Repetitive Workplace Stress Injuries: Occupational Disease
Making the same motion hundreds of times a day, like striking keys on a keyboard, can result in repetitive workplace stress injuries, also known as occupational disease. In NYS, repetitive stress injuries (RSI) are known as an “occupational disease” or “occupational claim.” By either terminology, same is defined as any cumulative trauma disorder or repetitive strain injury that develops from using the same tendons and muscles in the same manner repeatedly over time, pushing those muscles and tendons beyond their capabilities
The majority of claims brought before the NYS Workers Compensation Board are based upon a specific accident/incident happening that caused injury and resulting disability. However, there are those types of claims that are not fact-specific to an event, but fact-specific to an occupation where the disability occurs slowly over the course of time due to the repetitive nature of the particular task at hand.
According to the Occupational Safety and Health Administration (OSHA), the quickest-growing type of on-the-job injury is the occupational disease. OSHA estimates that $1 in $3 spent in Workers’ Compensation benefits is directed toward workers suffering from these types of claims, and one in every four reported workplace injuries is a form of repetitive stress.
When injuries accrue slowly over time and result from seemingly mundane and low intensity tasks, employees can still suffer injury and be rendered disabled. If that happens, they are entitled to every single benefit that NYS compensation law provides to workers injured in an accidental circumstance. These are often difficult and time-consuming cases to present and prevail over. However, it can be done if one has an understanding of the facts of the case and the “law target.”
NYS case law Workers Compensation states “It is axiomatic that a claimant bears the burden of establishing a causal relationship between his or her employment and a disability by the proffer of competent medical evidence” (Matter of Williams v Colgate Univ., 54 AD3d 1121 .
The medical opinion need not be expressed with absolute or reasonable certainty (Matter of Norton v North Syracuse Cent. School Dist., 59 AD3d 890 ). It must, however, be an indication of sufficient probability as to the cause of the injury, and the medical opinion must be supported by a rational basis (id.). “Mere surmise, or general expressions of possibility, are not enough to support a finding of causal relationship” (Matter of Mayette v Village of Massena Fire Dept., 49 AD3d 920 .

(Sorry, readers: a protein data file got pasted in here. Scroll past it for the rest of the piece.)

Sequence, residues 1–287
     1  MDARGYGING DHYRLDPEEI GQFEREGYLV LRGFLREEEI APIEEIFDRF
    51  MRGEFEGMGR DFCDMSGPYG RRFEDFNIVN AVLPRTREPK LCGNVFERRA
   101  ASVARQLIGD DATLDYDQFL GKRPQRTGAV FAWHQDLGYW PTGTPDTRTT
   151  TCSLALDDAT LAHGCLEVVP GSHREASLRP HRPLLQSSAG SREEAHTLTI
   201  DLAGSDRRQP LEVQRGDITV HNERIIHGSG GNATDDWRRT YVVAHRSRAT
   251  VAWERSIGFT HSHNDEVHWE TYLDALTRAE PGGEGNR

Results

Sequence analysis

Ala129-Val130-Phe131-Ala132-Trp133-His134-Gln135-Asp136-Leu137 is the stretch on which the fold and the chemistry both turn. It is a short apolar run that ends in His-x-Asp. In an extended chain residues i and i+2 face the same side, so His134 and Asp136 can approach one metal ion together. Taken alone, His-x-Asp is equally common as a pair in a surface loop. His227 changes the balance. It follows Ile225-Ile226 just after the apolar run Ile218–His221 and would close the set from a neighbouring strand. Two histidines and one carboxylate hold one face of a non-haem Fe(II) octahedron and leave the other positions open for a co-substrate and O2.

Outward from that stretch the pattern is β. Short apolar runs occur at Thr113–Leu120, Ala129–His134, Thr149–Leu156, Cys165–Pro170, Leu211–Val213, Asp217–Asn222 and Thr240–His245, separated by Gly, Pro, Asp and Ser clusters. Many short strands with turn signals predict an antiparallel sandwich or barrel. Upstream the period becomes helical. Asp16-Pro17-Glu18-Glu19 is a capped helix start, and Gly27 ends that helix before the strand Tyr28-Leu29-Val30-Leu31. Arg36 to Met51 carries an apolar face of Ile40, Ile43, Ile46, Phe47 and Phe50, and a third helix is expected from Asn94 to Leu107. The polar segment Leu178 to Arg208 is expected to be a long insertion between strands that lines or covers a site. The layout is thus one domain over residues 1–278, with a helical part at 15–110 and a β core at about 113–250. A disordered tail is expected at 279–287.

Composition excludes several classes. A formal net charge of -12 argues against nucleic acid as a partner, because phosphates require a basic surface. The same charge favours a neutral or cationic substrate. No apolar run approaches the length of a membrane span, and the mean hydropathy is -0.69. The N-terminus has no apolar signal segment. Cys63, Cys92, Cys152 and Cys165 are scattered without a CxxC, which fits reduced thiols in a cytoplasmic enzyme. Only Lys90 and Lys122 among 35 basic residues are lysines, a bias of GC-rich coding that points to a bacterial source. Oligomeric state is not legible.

In evaluating the medical evidence presented, the Board is not bound to accept the testimony or reports of any one expert, either in whole or in part, but is free to choose those it credits and reject those it does not credit (Matter of Morrell v Onondaga County, 238 AD2d 805 , lv denied 90 NY2d 808 ; Matter of Wood v Leaseway Transp. Corp., 195 AD2d 622 ).
Thus, questions of credibility, reasonableness, and relative weight to be accorded to conflicting evidence are questions of fact that come within the exclusive province of the Board (see Matter of Berkley v Irving Trust Co., 15 AD3d 750 ).
In defending such cases, insurance companies will typically contend that the worker’s stress injury was present long before the employee commenced work with the employer. Carriers will also contend there is no medical evidence asserting a specific injury over time, causally related to a work task. That is to say, that there are no medical records evidencing that a distinctive feature of the claimant’s employment caused or contributed to the RSI.
RSIs can even include hearing loss, resulting from years spent working with loud machinery or in sound or music engineering. When one thinks of such claims in the eyes of an everyday worker, crystallized through the periscope of practicality and reasoning, it’s not too hard to come out at the end of the day not only understanding these cases and depth, but winning them with ease.
Practice and practicality rule the roost. RSIs come in many forms, and affect both office workers and physical laborers alike. The most commonly-reported RSI is carpal tunnel syndrome, which can arise from typing or repetitive motions with a mouse, as well as from repetitive machine work and assembly tasks. Back injuries received from years of lifting heavy boxes and objects are also common forms of RSI, and can be debilitating and career ending. Employment in a grocery store can result in RSIs. Think of it this way, if you continue to stretch out a rubber band beyond its design limits, that rubber band becomes useless.
If you have been injured on the job in NYS, and/or need assistance navigating the Workers’ Compensation, NYS Disability Retirement, or the Social Security Disability process, I would be glad to help or answer any questions. I am Peter M. Cordovano, and can be reached at 845-691-4200.